problem is the evaluation process.  He emphasized that proper                 
 evaluation could eliminate non professional and mediocre teachers.            
 Mr. Anderson pointed out that many of the nonretention cases do not           
 come before the school board because NEA-AK often advises teachers            
 in this position to resign.  Such situations occur on a routine               
 basis.  The lay-off of teachers has been negotiated in retirement             
 incentive programs which are in practically every contract.  There            
 is no provision for tenured teachers to be laid off unless                    
 enrollment decreases which is not likely.  He said that adding                
 teachers is necessary not laying them off.  He asserted that the              
 lay off contingent is the result of the inappropriate funding of              
 the state legislature in the last seven years.  He emphasized the             
 need to appropriately fund education in order that the issues of              
 funding and the lay off tenured teachers would not be before this             
 Number 203                                                                    
 CHAIRMAN GREEN informed everyone that Senator Taylor had agreed to            
 hear more testimony on SB 132 as it moves through the committee               
 process.  She assumed that testimony would be heard on Monday or              
 SENATOR ELLIS asked if there were other teleconference sites.                 
 CHAIRMAN GREEN said that she did not know of more sites.  SENATOR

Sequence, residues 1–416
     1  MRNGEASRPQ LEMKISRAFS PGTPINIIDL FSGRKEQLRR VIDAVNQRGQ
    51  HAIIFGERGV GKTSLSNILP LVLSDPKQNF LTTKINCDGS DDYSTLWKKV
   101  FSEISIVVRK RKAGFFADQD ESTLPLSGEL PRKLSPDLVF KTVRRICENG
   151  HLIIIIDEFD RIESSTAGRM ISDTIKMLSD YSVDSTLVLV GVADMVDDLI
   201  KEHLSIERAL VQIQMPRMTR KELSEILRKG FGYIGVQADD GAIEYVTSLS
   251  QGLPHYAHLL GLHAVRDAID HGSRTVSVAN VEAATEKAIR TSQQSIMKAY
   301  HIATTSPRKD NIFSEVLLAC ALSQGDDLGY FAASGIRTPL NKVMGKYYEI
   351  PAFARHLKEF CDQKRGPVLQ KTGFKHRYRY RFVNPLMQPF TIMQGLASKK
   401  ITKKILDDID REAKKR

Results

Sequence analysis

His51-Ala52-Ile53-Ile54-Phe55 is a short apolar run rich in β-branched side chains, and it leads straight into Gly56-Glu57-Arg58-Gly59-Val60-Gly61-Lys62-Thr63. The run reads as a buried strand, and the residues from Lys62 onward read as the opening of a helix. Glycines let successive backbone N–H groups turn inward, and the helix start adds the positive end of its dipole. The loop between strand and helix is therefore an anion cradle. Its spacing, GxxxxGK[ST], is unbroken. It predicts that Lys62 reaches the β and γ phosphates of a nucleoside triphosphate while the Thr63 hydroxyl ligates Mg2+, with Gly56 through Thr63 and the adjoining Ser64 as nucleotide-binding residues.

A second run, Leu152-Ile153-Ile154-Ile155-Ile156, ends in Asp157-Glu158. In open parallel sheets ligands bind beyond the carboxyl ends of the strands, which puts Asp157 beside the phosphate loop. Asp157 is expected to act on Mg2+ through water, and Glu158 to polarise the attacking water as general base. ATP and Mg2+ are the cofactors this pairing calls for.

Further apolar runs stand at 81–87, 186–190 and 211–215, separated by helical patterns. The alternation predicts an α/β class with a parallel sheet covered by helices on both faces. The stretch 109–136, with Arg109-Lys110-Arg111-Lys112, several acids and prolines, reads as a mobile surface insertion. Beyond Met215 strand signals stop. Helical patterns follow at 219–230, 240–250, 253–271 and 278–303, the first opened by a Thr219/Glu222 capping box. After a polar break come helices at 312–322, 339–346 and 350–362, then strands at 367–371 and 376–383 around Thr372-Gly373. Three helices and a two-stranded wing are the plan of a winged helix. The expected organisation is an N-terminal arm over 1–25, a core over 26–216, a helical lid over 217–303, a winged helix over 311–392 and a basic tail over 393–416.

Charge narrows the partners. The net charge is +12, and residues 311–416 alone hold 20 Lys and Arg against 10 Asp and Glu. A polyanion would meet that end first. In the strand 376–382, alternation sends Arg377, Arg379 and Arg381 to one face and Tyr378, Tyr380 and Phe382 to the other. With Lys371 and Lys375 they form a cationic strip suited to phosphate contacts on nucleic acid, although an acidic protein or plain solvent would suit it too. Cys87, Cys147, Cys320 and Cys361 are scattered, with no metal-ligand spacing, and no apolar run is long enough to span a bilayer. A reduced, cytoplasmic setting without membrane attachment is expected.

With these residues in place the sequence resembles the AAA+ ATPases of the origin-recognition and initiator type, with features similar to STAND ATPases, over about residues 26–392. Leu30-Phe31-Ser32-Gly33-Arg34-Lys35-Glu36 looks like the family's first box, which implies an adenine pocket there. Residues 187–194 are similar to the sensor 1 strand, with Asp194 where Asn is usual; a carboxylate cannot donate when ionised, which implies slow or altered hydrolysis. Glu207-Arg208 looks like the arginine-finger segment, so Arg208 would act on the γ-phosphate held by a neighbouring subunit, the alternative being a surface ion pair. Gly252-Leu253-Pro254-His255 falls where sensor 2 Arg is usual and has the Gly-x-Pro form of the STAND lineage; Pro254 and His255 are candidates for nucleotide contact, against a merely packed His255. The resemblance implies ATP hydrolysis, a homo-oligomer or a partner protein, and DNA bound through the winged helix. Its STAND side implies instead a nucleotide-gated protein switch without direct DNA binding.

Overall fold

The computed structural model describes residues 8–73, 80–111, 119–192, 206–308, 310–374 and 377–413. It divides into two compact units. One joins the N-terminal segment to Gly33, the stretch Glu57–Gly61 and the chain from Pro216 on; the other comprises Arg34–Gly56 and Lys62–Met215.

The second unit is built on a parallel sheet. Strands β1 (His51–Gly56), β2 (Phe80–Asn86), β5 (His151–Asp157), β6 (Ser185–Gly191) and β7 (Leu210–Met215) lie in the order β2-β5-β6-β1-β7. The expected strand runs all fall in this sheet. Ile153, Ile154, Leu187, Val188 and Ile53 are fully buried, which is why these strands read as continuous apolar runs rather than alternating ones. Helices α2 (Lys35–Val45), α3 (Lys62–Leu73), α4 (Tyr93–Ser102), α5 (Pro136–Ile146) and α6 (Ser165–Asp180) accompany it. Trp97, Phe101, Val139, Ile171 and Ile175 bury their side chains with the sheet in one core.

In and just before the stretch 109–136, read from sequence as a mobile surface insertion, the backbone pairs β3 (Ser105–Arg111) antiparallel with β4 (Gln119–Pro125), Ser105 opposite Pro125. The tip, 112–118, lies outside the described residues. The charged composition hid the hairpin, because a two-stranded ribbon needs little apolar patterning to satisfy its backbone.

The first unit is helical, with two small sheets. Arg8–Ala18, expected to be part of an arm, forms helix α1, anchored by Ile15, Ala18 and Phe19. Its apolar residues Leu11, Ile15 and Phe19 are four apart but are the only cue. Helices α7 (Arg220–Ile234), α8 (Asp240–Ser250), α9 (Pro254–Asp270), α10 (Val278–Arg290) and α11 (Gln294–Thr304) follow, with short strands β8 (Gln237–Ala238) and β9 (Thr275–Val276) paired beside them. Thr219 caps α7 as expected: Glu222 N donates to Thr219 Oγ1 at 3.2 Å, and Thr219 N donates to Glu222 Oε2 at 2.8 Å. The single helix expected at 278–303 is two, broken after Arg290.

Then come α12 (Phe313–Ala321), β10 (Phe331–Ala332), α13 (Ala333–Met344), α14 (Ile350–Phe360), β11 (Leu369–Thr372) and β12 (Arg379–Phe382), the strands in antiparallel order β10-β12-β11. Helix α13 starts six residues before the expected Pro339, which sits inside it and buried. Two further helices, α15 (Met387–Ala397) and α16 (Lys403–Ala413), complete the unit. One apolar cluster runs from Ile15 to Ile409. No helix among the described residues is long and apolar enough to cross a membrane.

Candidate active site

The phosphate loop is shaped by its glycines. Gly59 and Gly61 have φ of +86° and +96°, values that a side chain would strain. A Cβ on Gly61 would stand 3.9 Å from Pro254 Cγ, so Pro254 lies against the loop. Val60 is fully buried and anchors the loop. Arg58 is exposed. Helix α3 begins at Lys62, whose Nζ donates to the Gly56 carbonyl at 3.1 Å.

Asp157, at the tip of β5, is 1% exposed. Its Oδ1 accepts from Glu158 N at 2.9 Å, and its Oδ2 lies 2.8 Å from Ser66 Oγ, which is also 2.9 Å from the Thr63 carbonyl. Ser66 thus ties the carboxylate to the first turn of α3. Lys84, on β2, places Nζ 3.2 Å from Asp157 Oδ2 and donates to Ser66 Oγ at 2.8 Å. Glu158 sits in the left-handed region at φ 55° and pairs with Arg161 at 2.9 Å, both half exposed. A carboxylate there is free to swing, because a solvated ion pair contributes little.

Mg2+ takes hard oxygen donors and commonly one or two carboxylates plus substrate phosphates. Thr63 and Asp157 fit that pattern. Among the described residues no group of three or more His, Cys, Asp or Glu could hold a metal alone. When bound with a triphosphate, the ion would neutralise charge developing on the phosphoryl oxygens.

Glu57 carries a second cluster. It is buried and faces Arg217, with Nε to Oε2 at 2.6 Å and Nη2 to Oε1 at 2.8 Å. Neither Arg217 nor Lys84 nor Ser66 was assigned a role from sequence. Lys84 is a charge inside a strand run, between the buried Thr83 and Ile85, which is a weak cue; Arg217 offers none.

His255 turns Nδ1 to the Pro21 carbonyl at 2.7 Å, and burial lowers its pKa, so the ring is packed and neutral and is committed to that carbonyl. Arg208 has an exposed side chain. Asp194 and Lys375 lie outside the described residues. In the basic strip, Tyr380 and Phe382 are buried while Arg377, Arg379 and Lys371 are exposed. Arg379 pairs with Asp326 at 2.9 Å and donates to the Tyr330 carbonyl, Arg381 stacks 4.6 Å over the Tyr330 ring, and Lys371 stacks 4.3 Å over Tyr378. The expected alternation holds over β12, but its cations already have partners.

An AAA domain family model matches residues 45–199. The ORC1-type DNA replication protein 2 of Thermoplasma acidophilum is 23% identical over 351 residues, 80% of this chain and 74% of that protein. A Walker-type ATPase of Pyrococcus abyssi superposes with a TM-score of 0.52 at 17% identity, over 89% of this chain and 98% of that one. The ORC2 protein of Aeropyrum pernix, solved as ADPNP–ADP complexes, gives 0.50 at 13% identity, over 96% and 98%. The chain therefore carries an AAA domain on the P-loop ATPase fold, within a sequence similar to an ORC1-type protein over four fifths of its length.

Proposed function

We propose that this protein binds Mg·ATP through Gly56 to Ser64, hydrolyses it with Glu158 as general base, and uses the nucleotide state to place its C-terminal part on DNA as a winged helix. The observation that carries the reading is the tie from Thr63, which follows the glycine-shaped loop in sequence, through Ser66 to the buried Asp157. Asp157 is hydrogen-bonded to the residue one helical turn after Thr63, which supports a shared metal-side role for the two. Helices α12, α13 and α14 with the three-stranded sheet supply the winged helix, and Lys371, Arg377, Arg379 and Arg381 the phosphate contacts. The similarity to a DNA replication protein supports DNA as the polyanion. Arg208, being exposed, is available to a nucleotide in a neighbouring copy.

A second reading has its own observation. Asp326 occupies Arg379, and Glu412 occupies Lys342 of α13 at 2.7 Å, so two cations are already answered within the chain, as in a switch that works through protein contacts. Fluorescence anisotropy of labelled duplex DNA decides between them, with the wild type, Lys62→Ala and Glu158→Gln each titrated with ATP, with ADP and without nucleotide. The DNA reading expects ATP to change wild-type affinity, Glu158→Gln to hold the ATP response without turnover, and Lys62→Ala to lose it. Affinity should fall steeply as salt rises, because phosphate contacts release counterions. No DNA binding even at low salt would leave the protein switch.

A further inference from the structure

ELLIS stated, in an attempt to understand, that Fairbanks was the             
 only site and the teleconference was not advertised.                          
 CHAIRMAN GREEN reiterated that there would be an opportunity for              
 interested persons to testify on Monday.  She said that she did not           
 know how Mr. Cross knew to call in.                                           
 SENATOR SALO felt that the testimony had been interesting and could           
 inspire ideas to solve some of the problems SB 132 hopes to                   
 address.  There was also testimony that indicated that areas of SB
 132 are unnecessary.  She emphasized that the problems with SB 132            
 are not judiciary problems; the problems are inherent to education            
 and should be worked on in the HESS committee.  SB 132 should not             
 leave the HESS committee.  Senator Salo stated that she would like            
 to amend the bill which could be in writing if enough notice had              
 been given.  She asked if SB 132 could be heard Monday; is that an            
 unreasonable request?